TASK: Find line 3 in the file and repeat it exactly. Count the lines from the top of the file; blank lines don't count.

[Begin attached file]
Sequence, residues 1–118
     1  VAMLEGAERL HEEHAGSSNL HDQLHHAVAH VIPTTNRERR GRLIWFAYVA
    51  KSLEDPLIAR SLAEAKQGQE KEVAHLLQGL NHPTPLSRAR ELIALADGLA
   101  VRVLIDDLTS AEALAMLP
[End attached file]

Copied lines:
    51  KSLEDPLIAR SLAEAKQGQE KEVAHLLQGL NHPTPLSRAR ELIALADGLA